The U.S. Census Bureau and the Equal Employment Opportunity Commission (EEOC) will soon introduce direct video calling technology to allow Deaf citizens to communicate directly with American Sign Language (ASL)-fluent call operators, the White House announced this week.
Citizens who are deaf usually have to reach federal agencies via third-party interpreters who interpret to those on the other end of the line. But broadband and faster connections have made direct video calling commonplace.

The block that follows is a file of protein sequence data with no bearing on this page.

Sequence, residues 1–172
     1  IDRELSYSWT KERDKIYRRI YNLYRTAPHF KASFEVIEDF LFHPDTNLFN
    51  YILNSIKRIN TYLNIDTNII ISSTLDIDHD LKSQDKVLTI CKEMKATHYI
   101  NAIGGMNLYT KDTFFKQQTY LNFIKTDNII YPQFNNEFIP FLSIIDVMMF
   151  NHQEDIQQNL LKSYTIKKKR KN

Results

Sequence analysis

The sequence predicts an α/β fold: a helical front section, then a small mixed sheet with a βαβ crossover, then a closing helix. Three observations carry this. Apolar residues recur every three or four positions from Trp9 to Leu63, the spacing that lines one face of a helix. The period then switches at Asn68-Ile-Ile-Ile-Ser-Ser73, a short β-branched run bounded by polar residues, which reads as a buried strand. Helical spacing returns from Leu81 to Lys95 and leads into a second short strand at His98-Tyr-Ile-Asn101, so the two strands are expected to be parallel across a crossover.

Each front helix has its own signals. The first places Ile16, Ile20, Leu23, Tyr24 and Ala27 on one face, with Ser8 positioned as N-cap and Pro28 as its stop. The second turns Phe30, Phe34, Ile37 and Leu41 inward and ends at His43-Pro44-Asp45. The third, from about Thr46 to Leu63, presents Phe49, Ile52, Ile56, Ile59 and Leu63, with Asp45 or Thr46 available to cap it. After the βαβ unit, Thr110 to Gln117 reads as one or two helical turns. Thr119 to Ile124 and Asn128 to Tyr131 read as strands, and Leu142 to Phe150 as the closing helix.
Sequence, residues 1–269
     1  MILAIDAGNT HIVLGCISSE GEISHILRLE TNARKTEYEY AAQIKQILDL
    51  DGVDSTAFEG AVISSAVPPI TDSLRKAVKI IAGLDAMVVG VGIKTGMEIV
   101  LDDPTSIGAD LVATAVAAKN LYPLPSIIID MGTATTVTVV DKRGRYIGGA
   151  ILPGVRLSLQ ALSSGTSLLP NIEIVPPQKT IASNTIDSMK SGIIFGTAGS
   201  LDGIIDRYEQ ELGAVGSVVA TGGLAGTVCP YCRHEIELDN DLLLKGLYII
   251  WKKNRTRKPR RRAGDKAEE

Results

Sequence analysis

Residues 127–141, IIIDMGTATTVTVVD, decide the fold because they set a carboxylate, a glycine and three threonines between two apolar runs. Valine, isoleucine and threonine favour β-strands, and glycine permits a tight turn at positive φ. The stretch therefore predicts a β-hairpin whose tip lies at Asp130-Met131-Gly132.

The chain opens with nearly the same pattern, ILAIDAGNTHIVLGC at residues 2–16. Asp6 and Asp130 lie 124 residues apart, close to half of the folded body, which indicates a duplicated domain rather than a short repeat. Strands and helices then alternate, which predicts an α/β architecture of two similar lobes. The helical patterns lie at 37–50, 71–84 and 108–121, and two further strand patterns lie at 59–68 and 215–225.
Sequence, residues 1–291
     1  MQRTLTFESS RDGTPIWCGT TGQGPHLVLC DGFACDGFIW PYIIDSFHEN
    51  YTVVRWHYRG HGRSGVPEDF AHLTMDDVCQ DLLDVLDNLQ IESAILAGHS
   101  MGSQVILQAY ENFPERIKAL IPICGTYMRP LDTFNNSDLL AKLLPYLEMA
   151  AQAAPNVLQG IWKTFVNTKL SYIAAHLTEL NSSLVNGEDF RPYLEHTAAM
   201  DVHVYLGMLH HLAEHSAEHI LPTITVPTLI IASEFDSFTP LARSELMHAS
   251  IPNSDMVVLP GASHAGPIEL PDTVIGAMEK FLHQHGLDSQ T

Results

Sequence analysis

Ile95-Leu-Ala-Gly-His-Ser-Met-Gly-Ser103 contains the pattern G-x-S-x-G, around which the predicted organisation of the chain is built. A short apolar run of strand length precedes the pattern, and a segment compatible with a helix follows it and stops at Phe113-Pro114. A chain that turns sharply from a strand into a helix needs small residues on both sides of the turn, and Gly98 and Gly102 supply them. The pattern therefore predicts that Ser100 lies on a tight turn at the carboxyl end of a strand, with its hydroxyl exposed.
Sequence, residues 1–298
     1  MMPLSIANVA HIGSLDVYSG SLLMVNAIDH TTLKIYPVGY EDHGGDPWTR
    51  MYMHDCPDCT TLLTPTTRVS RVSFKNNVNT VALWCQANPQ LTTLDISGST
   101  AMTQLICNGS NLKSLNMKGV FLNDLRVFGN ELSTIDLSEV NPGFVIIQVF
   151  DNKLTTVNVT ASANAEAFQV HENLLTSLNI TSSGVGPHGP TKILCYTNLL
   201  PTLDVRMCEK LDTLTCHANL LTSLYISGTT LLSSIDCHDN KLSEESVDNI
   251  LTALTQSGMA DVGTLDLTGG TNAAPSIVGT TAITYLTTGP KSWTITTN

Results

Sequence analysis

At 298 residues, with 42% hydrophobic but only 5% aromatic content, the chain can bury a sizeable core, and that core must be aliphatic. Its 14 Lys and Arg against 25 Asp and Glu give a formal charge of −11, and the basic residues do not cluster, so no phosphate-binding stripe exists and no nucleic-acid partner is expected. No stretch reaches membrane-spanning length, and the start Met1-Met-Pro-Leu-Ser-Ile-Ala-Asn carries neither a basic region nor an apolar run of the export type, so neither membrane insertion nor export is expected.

Last year the Federal Communications Commission (FCC) became the first federal agency to accept direct video calls from the Deaf. The FCC is also funding the development of a free open-source software platform to be released in May 2016 — the Video Access Platform (VAP) application — which would allow citizens with hearing and speech impairments to communicate via video and text simultaneously using any computer or smartphone.
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